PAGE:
EU agrees to regulate artificial intelligence, a world first

On Friday 8 December, the European Union agreed on unprecedented legislation at the global level to regulate artificial intelligence, after three days of intense negotiations between member states and the European Parliament. A legal framework that aims to strike a balance between the need to limit the possible abuses of AI without slowing down the innovation capacity of European companies in the field.

The EU's co-legislators have reached a "political agreement" on a text that should promote innovation in Europe, while limiting the possible excesses of these highly advanced technologies. REUTERS - DADO RUVIC

By: RFI Follow


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With our correspondent in Brussels, Jean-Jacques Héry

The EU adopted a legal framework for the regulation of artificial intelligence late on Friday evening. The principle is simple, the adopted text regulates Artificial Intelligence systems according to the potential risk they represent for the security and rights of citizens. The higher the risk, the more rules there are.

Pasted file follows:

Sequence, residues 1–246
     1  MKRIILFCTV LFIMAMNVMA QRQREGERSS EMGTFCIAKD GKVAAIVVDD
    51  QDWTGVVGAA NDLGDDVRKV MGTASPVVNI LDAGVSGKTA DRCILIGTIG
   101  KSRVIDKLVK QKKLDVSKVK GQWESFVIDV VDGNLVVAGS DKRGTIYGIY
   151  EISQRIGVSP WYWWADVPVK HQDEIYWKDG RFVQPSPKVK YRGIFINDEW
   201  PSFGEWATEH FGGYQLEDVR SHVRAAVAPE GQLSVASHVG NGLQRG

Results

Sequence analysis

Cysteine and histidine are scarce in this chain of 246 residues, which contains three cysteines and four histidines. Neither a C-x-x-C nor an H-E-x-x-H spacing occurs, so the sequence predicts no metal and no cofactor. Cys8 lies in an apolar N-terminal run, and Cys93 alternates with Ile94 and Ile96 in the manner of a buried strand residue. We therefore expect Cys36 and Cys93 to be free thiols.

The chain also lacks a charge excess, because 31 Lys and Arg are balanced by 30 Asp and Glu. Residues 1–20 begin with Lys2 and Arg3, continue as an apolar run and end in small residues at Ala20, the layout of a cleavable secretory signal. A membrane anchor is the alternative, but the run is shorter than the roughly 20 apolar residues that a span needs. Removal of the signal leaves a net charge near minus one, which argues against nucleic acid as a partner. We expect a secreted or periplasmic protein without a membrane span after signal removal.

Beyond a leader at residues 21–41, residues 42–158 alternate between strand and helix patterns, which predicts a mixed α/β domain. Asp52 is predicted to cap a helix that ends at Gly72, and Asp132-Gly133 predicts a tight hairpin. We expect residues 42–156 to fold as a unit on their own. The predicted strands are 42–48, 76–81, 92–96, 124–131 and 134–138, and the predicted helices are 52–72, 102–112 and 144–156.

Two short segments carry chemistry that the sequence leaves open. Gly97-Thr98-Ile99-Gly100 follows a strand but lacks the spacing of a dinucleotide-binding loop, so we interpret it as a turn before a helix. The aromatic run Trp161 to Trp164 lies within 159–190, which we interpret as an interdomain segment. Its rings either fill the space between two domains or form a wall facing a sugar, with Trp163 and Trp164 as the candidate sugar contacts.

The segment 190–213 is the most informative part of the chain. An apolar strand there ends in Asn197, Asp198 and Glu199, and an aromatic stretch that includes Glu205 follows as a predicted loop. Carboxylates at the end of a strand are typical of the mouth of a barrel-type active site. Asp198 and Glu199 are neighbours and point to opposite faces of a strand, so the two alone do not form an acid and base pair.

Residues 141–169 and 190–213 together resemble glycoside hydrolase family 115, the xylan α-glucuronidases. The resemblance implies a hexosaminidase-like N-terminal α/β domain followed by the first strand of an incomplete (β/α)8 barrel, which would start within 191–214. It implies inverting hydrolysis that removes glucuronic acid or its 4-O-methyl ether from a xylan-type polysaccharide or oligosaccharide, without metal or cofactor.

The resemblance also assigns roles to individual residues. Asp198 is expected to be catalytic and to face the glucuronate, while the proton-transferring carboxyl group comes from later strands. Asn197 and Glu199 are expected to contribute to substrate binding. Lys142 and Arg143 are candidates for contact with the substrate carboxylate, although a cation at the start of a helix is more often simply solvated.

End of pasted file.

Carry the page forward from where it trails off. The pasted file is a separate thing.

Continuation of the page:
Thus, before entering the market, systems considered to be high risk will undergo a conformity assessment. And when this software is used in sensitive areas such as critical infrastructure, education or policing, it will be subject to a series of obligations, such as providing for human control over the machine.

Very limited facial recognition

In the particular case of content-generating AIs, such as ChatGPT for example, developers will have to ensure that the sounds, images and texts produced are identified as artificial. This is to avoid a possible manipulation of public opinion.

In the end, there are very few prohibitions so as not to stifle innovation, except in very specific areas. Thus, the remote biometric identification of people in public places, facial recognition in particular, was a point discussed at great length, with MEPs pointing to the risks of mass surveillance of populations. It will be banned, except in rare exceptions, such as the fight against terrorism or the search for victims of kidnappings, for example.

If the rules are not respected, the offending companies will be subject to fines of up to 7% of their turnover. Once commercialised, the AI systems will be monitored by national authorities under the aegis of a European Artificial Intelligence Office. The political agreement must now be complemented by technical work to finalise the text.

Read alsoBehind the scenes of artificial intelligence

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